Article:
Management analysts specialize in a number of areas, including accounting, finance, risk management, recruitment, and labor relations. They often work as consultants providing input on how companies can enhance processes, reduce costs, and maximize profits. They need at least a bachelor's degree and certified management consultant designation to improve their job prospects; many employers require an MBA.

Median Annual Salary: $82,450
Projected Growth Rate: 14%

Financial Manager

Financial managers work in a variety of industries to ensure organizations' financial health. They develop financial reports, investment plans, and long-term strategies to accomplish organizational goals. They often begin their careers with a bachelor's degree and experience in areas such as accounting or auditing. The financial sector typically hires MBAs; an MBA in HR provides the financial manager with added specialization and career flexibility.

Median Annual Salary: $125,080
Projected Growth Rate: 19%

Aspirant MBAs consider several factors before choosing an MBA in human resources degree. They must decide whether they want to commit to a full- or part-time program. Their choice affects their work and family life. Students complete full-time MBA programs in two years, while part-timers do so in three years or longer. Prospective students must also determine how much they can afford, and whether they will receive scholarships to help fund their MBA in human resources. An on-campus program typically costs more than an online program, as online programs do not require students to budget for room and board, often require no transportation costs, and offer course flexibility.

On-campus programs' strengths include the opportunity for face-to-face networking with peers; easier access to lectures, libraries, and professors; face-to-face group work, and in-person discussions that mirror today's business environment. Some on-campus students enjoy access to a more extensive suite of MBA concentrations than do their online peers. Exam, thesis, capstone, and internship requirements remain the same for online and on-campus MBA in human resources programs, though specific programs list specific requirements.

Learners should also evaluate the locations in which their prospective programs reside to ensure that they offer a reasonable cost of living. They should also investigate schools' surrounding communities to ensure they offer a reasonably good quality of life (e.g., low crime, great outdoors for enthusiasts, access to amenities for those without cars). If learners do not plan to take the standardized test used to enter many business schools, they should search for MBA programs in human resources with no GMAT. Programmatic accreditation serves as one factor that some students do not prioritize as much as they should.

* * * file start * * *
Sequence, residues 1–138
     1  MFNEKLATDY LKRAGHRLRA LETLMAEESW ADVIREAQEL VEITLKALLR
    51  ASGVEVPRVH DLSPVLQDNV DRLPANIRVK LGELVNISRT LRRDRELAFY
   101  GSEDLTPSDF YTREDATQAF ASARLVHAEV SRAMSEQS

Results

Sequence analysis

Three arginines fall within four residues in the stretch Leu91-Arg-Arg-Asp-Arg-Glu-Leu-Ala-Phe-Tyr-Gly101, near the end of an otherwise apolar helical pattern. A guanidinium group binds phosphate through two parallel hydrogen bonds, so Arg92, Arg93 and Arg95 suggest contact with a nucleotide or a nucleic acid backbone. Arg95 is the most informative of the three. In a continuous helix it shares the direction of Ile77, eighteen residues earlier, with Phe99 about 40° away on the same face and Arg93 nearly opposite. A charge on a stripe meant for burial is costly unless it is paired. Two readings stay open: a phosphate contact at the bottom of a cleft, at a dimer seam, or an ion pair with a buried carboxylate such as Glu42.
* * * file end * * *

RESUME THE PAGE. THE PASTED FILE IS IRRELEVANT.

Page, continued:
Programmatic Accreditation for MBA in Human Resources Programs

In addition to institutional accreditation by one of the six regional accreditation agencies in the U.S., students should ensure the MBA in human resources program they pursue holds programmatic accreditation from one of the agencies specializing in the business field.

Programmatic accreditation ensures that the education and training provided meets the standards established by the agency. The top accreditation agencies for MBA programs, including an MBA in human resources, remain the Association to Advance Collegiate Schools of Business and the Accreditation Council for Business Schools and Programs. Employers often do not recognize MBA programs without accreditation. Problems also occur if a student from a non-accredited MBA program tries to transfer into an accredited program; their credits will likely not transfer.

Many prospective MBA students feel intimidated by the admissions process, which seems laborious and complicated. Taking a step-by-step approach to the process breaks down what seems complicated to the basic elements. Begin with the knowledge that schools generally require the same documents for online and on-campus programs.

Students should look at how much they can afford, where they want to go to school, and whether the school requires a test score such as the GMAT. The credentials of admitted students should also factor into students decisions, and business programs often list this information online. Learners should then draw up a list of about six business schools that include both top schools that an applicant may not get into and safety schools that an applicant stands a good chance of getting into. Consider the following list of prerequisites and admission materials.

Prerequisites

  • Bachelor's Degree: In general, MBA programs require students to hold a bachelor's degree for admission. In very rare instances, a learner with exceptional skills may skirt this requirement. Those without a bachelor's degree in business administration, accounting, or a similar field may need to fulfill prerequisite coursework requirements.
  • Professional Experience: Work and leadership experience counts in the admissions process. Most business schools require at least one or two years of full-time work experience, while the top-tier schools typically require between three and five.
  • Minimum GPA: While a 4.0 GPA will not make up for an altogether weak application, GPA scores do matter. Expect admissions to require a GPA of at least a 3.0 for admission to an MBA in human resources. Prospective students bolster their application with strong GMAT scores, a good portfolio of work experience, strong references, and a qualitative personal statement.